How to do a vascular assessment of the foot?

Among the most significant functions which a podiatrist takes on might be to appraise the vascular or blood circulation condition to the foot and lower limb to determine if people are in danger or not for poor healing due to the blood flow. If someone was at high risk for issues for that reason, then steps need to be considered to reduce that threat and protect the feet from damage, particularly when they've got diabetes. The monthly talk show for Podiatrists, PodChatLive dedicated an entire episode to vascular assessment. PodChatLive is a free continuing education livestream that goes live on Facebook. The supposed market is podiatrists doing work in clinical practice, however the real target audience include a lot of other health professionals too. Through the live there is lots of dialogue and feedback commented on Facebook. Afterwards the recorded video version is published to YouTube and the podcast edition is added to the common places like Spotify and also iTunes.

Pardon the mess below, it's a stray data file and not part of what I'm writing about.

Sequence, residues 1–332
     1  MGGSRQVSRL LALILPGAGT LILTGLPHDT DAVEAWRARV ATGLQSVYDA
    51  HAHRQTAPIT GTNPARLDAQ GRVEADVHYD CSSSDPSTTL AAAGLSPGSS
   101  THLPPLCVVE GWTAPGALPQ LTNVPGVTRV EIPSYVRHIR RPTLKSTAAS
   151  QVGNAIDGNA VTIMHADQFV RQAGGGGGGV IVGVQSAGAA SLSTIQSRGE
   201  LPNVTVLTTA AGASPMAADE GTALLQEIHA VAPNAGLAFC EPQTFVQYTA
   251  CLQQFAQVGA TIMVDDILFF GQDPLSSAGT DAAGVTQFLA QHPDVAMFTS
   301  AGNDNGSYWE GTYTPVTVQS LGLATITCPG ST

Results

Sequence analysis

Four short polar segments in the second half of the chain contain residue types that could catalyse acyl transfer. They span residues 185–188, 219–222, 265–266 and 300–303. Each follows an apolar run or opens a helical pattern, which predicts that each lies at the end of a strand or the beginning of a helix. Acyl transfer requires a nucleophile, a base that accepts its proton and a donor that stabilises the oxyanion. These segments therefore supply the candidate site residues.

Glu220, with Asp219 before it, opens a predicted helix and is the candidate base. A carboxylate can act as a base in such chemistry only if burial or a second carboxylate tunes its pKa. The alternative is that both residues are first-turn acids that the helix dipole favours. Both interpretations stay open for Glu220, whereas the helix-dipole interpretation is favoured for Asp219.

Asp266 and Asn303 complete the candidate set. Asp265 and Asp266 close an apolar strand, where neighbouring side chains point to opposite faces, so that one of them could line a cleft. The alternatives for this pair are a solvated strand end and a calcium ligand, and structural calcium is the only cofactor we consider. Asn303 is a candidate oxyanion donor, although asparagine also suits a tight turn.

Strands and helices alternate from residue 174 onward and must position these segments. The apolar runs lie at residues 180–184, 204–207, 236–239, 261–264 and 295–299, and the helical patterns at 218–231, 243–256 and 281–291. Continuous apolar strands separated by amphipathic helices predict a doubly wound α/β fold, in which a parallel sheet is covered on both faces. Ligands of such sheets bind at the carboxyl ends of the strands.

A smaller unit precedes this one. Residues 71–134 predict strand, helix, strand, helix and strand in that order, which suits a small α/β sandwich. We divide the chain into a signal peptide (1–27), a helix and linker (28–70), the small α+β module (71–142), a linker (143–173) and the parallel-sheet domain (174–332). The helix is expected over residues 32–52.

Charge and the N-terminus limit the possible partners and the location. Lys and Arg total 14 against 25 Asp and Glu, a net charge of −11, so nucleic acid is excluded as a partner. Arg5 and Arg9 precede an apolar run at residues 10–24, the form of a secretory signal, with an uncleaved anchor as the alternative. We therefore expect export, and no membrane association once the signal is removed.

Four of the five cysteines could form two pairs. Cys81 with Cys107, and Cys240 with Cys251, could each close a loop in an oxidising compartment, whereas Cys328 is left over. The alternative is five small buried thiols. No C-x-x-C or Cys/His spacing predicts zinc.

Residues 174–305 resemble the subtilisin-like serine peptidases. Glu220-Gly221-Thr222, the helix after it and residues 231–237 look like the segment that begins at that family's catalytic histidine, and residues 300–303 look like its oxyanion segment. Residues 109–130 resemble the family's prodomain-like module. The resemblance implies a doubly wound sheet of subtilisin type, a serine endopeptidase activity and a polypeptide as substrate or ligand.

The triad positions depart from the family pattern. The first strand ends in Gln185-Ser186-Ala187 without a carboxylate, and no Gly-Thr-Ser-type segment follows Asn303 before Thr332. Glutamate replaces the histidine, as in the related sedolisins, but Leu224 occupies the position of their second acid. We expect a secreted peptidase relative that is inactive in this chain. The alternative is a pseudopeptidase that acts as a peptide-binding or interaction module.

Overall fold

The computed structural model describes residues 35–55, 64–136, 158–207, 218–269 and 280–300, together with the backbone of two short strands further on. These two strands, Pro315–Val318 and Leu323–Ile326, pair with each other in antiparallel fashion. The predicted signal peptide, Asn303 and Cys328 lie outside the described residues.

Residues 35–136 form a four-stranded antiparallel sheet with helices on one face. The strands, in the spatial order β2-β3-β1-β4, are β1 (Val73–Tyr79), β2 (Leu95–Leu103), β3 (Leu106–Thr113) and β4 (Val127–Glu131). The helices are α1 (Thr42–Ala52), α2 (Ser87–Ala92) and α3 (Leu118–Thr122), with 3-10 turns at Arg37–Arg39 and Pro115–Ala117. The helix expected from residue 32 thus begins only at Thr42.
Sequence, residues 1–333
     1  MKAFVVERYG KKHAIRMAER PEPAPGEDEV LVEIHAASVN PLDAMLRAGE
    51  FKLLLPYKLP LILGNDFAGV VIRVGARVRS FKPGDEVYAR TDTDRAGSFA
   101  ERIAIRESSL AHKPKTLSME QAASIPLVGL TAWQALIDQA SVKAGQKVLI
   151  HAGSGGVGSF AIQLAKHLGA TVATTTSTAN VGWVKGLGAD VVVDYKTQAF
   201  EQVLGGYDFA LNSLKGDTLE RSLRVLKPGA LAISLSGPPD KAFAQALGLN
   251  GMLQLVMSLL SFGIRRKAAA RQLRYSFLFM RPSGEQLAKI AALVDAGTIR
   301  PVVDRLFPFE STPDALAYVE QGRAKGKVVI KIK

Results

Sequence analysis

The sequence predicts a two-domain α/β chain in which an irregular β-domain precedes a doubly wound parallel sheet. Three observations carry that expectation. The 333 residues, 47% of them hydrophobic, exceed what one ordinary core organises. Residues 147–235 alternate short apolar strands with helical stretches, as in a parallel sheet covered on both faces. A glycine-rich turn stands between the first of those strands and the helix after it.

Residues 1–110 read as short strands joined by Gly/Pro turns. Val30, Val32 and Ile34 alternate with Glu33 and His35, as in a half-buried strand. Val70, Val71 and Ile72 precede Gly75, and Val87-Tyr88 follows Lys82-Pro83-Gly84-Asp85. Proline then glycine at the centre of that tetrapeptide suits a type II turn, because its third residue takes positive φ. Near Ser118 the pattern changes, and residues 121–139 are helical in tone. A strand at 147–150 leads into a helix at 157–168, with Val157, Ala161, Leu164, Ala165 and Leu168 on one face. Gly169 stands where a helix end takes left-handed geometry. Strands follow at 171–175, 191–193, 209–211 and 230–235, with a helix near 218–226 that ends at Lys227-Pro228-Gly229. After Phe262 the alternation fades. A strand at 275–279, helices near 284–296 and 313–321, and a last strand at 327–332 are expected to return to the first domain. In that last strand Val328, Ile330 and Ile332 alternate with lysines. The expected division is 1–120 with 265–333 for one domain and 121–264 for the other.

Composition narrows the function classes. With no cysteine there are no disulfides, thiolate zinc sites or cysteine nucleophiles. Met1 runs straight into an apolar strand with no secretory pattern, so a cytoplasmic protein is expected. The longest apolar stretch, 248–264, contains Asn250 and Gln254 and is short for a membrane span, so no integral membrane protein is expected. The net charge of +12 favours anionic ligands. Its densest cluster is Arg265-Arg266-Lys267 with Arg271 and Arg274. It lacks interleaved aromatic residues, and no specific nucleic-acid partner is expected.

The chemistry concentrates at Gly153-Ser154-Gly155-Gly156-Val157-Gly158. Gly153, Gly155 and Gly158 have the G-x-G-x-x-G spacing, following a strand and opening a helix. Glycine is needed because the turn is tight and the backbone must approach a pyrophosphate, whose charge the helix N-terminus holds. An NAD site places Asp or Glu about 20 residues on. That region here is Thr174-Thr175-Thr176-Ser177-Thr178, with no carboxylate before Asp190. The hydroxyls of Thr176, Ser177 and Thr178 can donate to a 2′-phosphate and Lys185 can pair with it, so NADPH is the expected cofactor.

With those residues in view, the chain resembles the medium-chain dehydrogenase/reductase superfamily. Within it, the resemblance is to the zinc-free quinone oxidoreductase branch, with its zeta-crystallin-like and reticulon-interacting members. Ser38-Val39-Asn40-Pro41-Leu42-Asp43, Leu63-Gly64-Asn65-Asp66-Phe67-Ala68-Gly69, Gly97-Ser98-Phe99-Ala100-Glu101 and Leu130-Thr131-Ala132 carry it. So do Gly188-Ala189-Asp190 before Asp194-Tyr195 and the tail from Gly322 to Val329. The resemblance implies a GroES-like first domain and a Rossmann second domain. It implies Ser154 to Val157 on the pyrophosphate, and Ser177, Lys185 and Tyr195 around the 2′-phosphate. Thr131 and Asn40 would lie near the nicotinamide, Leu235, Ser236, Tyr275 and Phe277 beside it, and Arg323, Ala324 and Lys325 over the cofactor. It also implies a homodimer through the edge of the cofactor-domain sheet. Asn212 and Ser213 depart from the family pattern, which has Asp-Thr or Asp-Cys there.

In the episode on vascular complications and examination of the foot the hosts talked with Peta Tehan, a podiatrist, and an academic at the University of Newcastle, Australia and also with Martin Fox who is also a podiatrist and works in a CCG-commissioned, community-based National Health Service service in Manchester, UK where he delivers early identification, diagnosis and ideal clinical therapy for people with diagnosed peripheral arterial disease. During the episode there was several real and beneficial vascular pearls from Martin and Peta. They discussed what a vascular assessment should look like in clinical practice, the importance of doppler use for a vascular analysis (and frequent errors made), we listened to several doppler waveforms live (and appreciate how relying upon our ears by itself most likely are not perfect), and recognized the value of great history taking and screening in people with known risk factors, notably given that 50% of those with peripheral arterial disorders have no symptoms.